Regulators and Enterprises Get Serious About Digital Privacy Rights

Regulators and Enterprises Get Serious About Digital Privacy Rights

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The wild west days of digital privacy are coming to a close. As European Union authorities step up enforcement of the General Data Protection Regulation (GDPR) and U.S. lawmakers continue their debate around regulating big tech, C-suite executives are being forced to step up their privacy initiatives. 

“We are seeing international regulators becoming more serious about addressing digital privacy from additional angles. For example, the E.U. recently approved the Digital Markets Act (DMA) and Digital Services Act (DSA),” says Alex Krylov, a senior privacy advocate at DataGrail. “Together with the GDPR and ePrivacy Directive, the DMA and DSA seek to protect consumers against the exploitation, promoting fair competition and creating a safer digital environment for users.”

In the U.S., a patchwork of states have enacted data privacy legislation that will soon become enforceable. California, Colorado, Connecticut, Utah, and Virginia will all have parts, if not all, of their state consumer data privacy laws go into effect this year.

At least nine other states have already introduced comprehensive privacy bills for 2023, and most are consistent with prior legislative efforts. According to a review by Gibson Dunn, five states currently have legislation to increase protections for children’s data, and seven are considering bills that address specific subsets of data, like the collection and use of biometric data or health data and third-party data brokers.

According to a survey by Cisco, spending on privacy compliance is up sharply, from an average of $1.2 million three years ago to $2.7 million this year. However, organizations’ privacy priorities differ sharply from those expressed by consumers, and 92% of professionals still believe their organizations need to do more to reassure customers about their data privacy.

Although U.S. lawmakers have yet to propose legislation similar to the DMA or DSA, Krylov says there are ongoing debates about regulating big tech, with discussions ranging from rebooting the fizzled ADPPA to breaking up large tech conglomerates, or focusing on more politically palatable issues like children’s online privacy and safety.

Krylov recommends that businesses focus on what’s behind the latest debates and provisions. He suggests starting with the pragmatic — documenting, informing, and balancing company data practices. For example, as a best practice, companies should be documenting their use of third-party cookies and similar technologies, including pixels, tags, scripts, and mobile identifiers, as well as hashed emails and digital fingerprints used to connect and combine data about individuals.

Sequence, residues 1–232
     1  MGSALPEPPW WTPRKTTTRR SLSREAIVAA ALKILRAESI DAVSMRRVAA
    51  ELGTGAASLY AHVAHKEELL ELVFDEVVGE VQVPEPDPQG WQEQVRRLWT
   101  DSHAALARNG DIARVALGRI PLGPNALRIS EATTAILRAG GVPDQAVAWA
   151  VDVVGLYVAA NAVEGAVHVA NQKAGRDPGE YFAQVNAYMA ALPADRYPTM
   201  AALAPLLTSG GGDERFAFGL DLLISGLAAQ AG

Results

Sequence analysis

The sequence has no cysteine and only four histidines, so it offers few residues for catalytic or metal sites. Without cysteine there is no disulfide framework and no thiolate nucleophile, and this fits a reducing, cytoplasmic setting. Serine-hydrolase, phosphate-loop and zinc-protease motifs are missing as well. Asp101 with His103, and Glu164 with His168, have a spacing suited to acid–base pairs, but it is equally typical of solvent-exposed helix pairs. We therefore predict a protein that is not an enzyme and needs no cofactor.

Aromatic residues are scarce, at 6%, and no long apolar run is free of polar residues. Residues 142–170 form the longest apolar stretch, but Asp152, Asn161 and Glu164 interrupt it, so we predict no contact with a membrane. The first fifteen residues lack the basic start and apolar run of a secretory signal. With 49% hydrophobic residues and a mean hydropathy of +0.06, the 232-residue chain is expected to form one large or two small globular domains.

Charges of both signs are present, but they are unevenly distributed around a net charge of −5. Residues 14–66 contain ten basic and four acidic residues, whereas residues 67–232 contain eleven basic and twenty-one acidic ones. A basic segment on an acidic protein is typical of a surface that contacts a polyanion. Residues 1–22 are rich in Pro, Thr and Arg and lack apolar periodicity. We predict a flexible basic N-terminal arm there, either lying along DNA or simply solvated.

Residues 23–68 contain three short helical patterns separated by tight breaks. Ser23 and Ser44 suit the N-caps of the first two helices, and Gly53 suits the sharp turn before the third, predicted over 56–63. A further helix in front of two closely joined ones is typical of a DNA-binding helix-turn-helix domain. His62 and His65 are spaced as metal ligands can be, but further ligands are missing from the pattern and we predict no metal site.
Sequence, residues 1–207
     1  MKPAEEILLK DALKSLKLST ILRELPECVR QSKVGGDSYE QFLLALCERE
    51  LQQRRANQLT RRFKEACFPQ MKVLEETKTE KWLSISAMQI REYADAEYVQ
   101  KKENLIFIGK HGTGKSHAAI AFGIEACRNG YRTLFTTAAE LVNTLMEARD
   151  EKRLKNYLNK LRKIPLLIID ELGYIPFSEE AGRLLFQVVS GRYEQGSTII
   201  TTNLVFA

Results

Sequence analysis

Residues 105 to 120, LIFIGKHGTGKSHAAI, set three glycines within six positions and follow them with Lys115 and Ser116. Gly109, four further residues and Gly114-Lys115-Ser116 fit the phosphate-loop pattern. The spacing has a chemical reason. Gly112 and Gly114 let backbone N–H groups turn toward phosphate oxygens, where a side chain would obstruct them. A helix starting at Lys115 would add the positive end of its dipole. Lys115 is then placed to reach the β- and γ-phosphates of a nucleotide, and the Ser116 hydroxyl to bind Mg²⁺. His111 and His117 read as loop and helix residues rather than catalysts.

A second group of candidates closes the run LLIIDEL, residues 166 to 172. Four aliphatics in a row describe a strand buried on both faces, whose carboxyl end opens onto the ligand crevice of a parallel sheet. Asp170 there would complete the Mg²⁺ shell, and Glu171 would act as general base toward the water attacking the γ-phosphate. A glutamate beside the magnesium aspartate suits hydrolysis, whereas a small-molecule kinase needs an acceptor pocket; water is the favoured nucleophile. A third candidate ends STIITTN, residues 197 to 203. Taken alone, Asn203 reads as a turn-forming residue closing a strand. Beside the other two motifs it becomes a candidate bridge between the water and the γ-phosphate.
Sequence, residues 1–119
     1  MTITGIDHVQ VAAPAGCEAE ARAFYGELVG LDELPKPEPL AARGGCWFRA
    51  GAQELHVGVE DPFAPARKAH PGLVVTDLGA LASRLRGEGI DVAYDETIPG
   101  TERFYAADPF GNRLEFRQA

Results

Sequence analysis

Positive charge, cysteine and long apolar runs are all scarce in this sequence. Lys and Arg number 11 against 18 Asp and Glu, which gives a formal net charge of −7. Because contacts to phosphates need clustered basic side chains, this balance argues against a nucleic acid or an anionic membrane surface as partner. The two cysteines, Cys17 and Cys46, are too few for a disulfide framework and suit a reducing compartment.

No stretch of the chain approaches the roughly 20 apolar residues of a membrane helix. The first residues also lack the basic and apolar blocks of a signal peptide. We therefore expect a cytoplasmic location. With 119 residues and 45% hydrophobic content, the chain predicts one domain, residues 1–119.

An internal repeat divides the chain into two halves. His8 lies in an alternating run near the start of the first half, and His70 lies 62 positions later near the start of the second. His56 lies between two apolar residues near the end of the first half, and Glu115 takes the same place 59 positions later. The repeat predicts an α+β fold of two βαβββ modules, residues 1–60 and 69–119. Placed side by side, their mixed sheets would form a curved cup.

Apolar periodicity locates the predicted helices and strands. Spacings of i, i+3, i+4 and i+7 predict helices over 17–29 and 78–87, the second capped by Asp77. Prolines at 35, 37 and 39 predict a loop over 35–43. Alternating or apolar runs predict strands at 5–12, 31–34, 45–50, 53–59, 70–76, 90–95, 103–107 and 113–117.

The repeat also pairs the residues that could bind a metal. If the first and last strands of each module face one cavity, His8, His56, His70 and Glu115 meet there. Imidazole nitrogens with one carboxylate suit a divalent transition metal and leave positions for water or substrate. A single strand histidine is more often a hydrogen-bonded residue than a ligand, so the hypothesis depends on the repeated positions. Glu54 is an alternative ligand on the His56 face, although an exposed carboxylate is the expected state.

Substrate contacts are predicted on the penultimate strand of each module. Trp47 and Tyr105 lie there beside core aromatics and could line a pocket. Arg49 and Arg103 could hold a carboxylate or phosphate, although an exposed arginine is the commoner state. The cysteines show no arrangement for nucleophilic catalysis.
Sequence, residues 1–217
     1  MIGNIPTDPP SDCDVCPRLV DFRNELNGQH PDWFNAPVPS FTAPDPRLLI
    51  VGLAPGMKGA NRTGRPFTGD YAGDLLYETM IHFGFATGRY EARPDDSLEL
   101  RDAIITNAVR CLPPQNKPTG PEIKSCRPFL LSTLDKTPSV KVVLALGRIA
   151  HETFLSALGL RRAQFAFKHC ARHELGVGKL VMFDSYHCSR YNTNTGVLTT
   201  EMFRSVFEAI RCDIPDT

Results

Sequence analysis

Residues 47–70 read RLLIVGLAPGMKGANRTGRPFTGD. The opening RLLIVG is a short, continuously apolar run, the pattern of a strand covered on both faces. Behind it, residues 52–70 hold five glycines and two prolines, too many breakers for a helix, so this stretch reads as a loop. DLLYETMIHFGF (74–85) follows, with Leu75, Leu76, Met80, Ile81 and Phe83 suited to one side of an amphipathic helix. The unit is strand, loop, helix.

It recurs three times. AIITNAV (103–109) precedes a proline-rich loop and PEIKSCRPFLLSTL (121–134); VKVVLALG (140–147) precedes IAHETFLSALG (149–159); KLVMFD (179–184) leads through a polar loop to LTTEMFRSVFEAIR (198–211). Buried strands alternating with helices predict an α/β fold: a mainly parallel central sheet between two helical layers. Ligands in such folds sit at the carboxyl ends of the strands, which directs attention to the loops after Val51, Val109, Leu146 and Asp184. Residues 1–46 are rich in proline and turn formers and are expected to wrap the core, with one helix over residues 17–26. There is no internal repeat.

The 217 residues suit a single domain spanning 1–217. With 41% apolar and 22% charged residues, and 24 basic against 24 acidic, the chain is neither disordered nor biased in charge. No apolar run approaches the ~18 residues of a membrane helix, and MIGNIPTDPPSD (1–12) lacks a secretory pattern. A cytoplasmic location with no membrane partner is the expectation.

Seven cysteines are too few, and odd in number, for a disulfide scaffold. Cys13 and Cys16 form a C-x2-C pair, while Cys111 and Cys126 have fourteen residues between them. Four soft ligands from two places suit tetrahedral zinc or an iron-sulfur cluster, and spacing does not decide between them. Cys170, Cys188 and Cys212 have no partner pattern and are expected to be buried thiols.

“The status quo of data exploitation is meeting the zeitgeist of tech-centric privacy reform,” Krylov says.

Consumers should expect to see plenty of changes to terms of service agreements in the coming year, as well, as companies adjust privacy policies to remain compliant with the latest international updates.

Among those companies that do sell data, Krylov says it’s going to be even more important to inform consumers using the appropriate notices at collection and links. 

“Banners and other Europe-originating interfaces are discretionary, and internet-native companies are encouraged to implement GPC signals in a ‘frictionless manner,’” he says. “If you don’t sell or don’t want to sell data, review whether you have limited service provider agreements in place with your adtech and analytics providers. Data is not ‘sold’ [or] ‘shared’ if it may not be used for the provider’s own benefit or that of other customers. Some vendors may put these restrictions into practice through ‘restricted data processing’ modes.”

Stephanie Miles is a journalist who covers personal finance, technology, and real estate. As Street Fight’s senior editor, she is particularly interested in how local merchants and national brands are utilizing hyperlocal technology to reach consumers. She has written for FHM, the Daily News, Working World, Gawker, Cityfile, and Recessionwire.
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